Turned up to eleven: Fair and Balanced

Friday, September 20, 2002

Asthma, Clean kids, and you
What follows is a comment I tried to leave at Gene Expression with respect to this very short post by Razib.

I developed asthma after I came to the United States. This article rehashes the idea that excessive hygiene is causing the increase in asthma rates. I'm not too convinced though, seems like it's more correlation than causation.
(here is the link to the article in the NYT)

That is what the hygiene hypothesis suggests. The suggestion is that environmental exposure induces a state of tolerance in the immune system. Basically, immune cells, in particular B-cells, produce specific responses to antigens, i.e. foreign substances in or on body surfaces. During the maturation of the B-cell, a process called isotype switching is responsible for directing what sort of immune response is attached to each foreign object. In particular, in B-cells, there are four main types of "isotype", called IgM (for immunoglobulin M), IgG, IgA, and IgE. IgM is the "immature" type, present on the surface of the B-cell after it has been produced in the bone marrow and is either circulating in the blood, or resident in the spleen or lymph nodes. IgM is also the first type that circulates in the blood when the B-cell matures into a plasma cell after specific stimulation by an antigen. When the isotype switch occurs (this is one of the few types of non-germline genetic rearrangements known), the B-cell produces one of the other three types.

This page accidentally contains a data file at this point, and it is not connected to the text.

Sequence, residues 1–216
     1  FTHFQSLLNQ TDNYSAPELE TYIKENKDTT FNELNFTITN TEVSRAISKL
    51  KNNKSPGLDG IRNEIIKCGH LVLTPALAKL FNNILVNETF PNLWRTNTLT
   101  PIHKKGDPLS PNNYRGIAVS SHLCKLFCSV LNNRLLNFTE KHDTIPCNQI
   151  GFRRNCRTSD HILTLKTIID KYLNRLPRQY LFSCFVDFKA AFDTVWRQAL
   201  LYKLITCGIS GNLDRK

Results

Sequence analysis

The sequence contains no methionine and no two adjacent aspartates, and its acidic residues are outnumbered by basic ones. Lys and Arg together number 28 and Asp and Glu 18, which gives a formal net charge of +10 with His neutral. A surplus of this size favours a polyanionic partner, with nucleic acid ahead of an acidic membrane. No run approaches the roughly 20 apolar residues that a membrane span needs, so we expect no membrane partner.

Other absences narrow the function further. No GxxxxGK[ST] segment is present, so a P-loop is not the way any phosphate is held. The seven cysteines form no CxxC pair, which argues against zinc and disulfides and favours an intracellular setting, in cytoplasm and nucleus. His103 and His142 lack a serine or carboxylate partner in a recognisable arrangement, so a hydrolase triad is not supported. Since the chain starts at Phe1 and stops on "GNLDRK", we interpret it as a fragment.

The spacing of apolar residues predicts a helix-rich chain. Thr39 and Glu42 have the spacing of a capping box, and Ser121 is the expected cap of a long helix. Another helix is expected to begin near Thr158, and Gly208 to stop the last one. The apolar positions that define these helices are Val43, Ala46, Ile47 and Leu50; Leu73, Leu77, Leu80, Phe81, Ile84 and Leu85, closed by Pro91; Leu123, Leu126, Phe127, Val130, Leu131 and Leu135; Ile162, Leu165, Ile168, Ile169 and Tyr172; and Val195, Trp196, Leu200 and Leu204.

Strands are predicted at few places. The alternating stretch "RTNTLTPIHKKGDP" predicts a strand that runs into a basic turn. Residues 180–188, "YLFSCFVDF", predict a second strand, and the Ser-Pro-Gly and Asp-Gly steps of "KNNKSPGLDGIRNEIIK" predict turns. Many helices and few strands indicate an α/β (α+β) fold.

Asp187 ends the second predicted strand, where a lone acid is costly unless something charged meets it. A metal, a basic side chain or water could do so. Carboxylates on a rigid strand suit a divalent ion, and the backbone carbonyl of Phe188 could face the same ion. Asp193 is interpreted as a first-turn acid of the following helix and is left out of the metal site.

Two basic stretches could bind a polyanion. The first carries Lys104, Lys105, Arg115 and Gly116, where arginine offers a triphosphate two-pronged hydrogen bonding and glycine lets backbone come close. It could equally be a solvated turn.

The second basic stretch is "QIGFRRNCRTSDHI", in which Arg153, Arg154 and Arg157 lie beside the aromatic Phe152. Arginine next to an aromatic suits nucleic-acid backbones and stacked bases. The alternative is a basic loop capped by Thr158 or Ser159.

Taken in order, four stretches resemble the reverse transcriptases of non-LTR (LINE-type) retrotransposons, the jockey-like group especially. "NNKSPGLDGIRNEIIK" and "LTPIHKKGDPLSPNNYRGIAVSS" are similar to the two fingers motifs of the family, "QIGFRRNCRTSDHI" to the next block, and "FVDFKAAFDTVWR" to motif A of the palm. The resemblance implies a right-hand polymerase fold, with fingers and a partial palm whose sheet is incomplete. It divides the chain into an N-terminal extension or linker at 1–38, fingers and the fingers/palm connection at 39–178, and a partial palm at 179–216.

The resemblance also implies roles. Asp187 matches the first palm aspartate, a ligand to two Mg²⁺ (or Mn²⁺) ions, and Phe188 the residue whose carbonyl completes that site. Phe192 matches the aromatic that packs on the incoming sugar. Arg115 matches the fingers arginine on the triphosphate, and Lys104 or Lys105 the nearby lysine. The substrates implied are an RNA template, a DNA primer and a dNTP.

The switch seems to depend on a number of factors, but is transduced through signals received at the cell surface, and is thus dependent, to large extent, on where in the body the cell resides. IgA is part of the immune response in mucosal layers (the GI tract, for example), IgE is responsible for the histamine response (allergies and asthma are "misfires" of this response), and IgG is responsible for humoral immunity in the bloodstream and tissue. So the propensity to switch to IgE antibodies in response to harmless antigens such as pollens and dust is the root of allergy, and by extension, asthma. This seems to be connected to when in the course of development people are first exposed to these antigens. The hygiene hypothesis implies that early exposure induces tolerance, rather than activation. This is quite complex, but it might be good for me as a refresher in some of the broader concepts of immunology, so I may delve deeper in a future post.

Of course, there is still much to understand about why this occurs, and whether or not being kept too clean is really the reason is open to debate.